The reason it was such trouble for me to arrive at the 7:30 PM Brahms program at Stanford last Saturday was because I'd been up in San Francisco reviewing a string quartet concert that had begun at 4. Despite consisting of four Haydn and Mozart quartets, the performers managed to get it in at just under two hours, mostly by cutting repeats ruthlessly. One of the performers had buttonholed me before the concert started to alert me to this, and to explain that the length of the concert had alarmed them too when they were preparing it. Here's the review. Despite my recent experience hearing ten Haydn quartets at the Banff festival, neither of this concert's works were among them: not too surprising, considering that he wrote over 60 of them. As for Mozart, not a note of him had been heard all week at Banff, one of two indispensable string quartet composers of whom that was true (the other was Shostakovich; some might add Elliott Carter to that number, but I wouldn't).
So, having carefully located a street parking space near the church venue for the concert, I hopped it directly down to Stanford as soon as it ended, and found a space down there in only the third lot I tried.
Ironically, the same string quartet concert was being repeated in Palo Alto on Sunday afternoon, which would have made more sense for me except that that was when B. and I were at City of Angels, having already changed the date from the one on our series ticket which we can't make because of another random concatenation of events. And thus our lives consist of assembling jigsaw puzzle pieces.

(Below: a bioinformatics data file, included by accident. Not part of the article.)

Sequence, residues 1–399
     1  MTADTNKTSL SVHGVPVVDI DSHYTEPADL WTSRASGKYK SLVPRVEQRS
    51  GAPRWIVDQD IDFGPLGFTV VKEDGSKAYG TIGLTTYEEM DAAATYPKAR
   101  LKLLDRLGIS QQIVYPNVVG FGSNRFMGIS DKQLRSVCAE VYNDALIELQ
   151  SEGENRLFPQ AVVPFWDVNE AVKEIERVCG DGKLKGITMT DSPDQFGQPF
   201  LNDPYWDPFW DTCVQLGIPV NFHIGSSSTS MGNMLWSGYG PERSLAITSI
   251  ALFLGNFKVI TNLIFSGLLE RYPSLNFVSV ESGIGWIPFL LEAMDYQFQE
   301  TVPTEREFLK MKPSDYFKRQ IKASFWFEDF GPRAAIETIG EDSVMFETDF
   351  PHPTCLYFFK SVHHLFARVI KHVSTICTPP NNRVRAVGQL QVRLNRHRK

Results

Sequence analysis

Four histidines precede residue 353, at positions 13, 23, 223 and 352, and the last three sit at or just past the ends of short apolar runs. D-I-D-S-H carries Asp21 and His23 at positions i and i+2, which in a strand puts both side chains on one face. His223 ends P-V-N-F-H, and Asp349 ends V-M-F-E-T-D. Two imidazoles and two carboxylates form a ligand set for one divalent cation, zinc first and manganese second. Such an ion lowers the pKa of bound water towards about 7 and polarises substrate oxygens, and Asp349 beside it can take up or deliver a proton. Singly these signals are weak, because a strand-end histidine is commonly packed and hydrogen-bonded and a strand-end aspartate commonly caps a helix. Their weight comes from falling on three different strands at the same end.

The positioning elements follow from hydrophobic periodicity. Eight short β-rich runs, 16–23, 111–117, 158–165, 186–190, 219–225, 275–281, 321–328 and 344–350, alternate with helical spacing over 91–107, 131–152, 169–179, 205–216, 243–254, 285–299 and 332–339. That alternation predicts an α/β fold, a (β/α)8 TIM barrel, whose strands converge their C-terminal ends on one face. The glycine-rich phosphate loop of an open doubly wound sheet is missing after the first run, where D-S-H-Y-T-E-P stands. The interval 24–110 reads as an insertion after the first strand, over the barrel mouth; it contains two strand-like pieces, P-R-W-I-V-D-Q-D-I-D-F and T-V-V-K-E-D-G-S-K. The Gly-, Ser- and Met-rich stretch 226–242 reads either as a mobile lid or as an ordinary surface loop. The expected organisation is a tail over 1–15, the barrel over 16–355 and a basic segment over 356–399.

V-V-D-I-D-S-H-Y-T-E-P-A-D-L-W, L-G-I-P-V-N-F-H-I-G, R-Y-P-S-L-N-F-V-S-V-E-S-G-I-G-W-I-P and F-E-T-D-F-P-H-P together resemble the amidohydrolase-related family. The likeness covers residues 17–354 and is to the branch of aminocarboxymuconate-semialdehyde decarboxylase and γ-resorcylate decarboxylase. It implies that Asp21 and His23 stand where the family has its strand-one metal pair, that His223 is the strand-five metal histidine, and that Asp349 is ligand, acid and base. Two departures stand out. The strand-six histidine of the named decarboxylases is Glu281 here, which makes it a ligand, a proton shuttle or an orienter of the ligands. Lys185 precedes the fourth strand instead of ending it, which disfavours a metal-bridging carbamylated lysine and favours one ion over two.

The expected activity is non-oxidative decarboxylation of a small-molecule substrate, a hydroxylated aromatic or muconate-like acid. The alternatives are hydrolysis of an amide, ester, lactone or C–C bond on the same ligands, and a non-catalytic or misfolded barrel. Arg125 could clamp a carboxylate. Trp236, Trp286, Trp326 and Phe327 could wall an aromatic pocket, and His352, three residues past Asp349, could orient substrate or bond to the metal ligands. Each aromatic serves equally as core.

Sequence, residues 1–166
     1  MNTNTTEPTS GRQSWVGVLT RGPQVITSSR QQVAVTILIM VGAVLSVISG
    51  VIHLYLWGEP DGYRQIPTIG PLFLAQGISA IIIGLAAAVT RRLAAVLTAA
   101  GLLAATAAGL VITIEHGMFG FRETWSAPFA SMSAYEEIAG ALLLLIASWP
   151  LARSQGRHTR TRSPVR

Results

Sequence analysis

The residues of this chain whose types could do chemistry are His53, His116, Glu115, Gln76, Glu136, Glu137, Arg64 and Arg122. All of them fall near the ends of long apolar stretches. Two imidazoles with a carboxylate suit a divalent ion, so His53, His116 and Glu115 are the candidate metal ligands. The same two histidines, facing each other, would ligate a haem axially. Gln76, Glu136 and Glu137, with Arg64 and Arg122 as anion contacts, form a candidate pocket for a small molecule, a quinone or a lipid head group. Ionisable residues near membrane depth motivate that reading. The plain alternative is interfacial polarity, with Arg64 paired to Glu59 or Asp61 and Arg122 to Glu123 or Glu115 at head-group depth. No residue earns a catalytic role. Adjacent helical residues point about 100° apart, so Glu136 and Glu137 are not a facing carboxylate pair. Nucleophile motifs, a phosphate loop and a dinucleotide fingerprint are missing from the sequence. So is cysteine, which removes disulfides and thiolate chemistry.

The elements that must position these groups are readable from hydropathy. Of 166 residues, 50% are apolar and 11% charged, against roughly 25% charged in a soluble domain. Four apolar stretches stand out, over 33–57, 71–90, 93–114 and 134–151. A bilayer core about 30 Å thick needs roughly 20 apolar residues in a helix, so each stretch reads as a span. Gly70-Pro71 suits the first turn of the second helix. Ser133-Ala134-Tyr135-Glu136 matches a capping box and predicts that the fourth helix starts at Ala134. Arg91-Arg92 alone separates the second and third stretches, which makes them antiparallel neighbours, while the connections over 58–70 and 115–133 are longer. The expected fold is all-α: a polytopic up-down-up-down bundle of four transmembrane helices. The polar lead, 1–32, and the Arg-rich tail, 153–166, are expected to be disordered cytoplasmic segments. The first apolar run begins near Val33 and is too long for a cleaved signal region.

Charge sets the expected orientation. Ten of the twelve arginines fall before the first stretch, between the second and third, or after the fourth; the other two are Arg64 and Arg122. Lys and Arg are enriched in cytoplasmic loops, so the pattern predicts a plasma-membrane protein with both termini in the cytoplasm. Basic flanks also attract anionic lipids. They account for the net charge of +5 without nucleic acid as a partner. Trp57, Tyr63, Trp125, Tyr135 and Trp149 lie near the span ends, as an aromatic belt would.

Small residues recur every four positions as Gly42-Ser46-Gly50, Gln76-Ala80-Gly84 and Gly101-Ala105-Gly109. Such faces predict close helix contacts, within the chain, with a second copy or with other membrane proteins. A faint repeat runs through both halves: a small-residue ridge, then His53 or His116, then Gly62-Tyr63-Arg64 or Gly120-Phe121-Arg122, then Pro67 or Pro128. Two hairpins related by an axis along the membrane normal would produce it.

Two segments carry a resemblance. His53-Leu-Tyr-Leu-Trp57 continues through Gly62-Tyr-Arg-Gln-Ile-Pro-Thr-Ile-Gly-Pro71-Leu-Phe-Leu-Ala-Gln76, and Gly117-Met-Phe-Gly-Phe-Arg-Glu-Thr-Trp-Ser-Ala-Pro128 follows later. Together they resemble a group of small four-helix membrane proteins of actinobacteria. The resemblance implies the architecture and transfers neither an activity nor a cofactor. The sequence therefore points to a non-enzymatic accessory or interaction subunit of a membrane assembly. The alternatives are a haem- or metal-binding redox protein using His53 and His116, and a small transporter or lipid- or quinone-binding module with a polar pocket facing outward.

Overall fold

A lucky puzzle-piece find occurred when I realized that, since the concert in San Francisco began at 4, that would leave me time to attend the first showing of the afternoon of Ron Howard's documentary on the Beatles' touring years, which was playing half a mile down the street at the Sundance Kabuki Cinema (yes, that's its name) in Japantown, the closest to me it was appearing, but farther than I'd want to make a trip just for. Illuminating movie, with lots of film clips I didn't even imagine existing, like of the Beatles cavorting in their hotel rooms, and plenty of interviews - recent ones with Paul and Ringo, archived clips of John and George - reminiscing, describing how exciting they found Beatlemania at first, and how tiring it had become four years later. And every time the band is shown playing, it's of a different incredibly classic song. There's even a comparison, by a musicologist, of their creativity with that of Mozart and Schubert, which put me in a good mood for the live music to come.
As I walked through Japantown towards the theater, it occurred belatedly to me that, with a little preliminary research I might have found a restaurant there suitable for lunch - Japanese food and I require considerable negotiation before we can come to an accommodation - but I hadn't; I'd started off with a visit to the deli another mile away.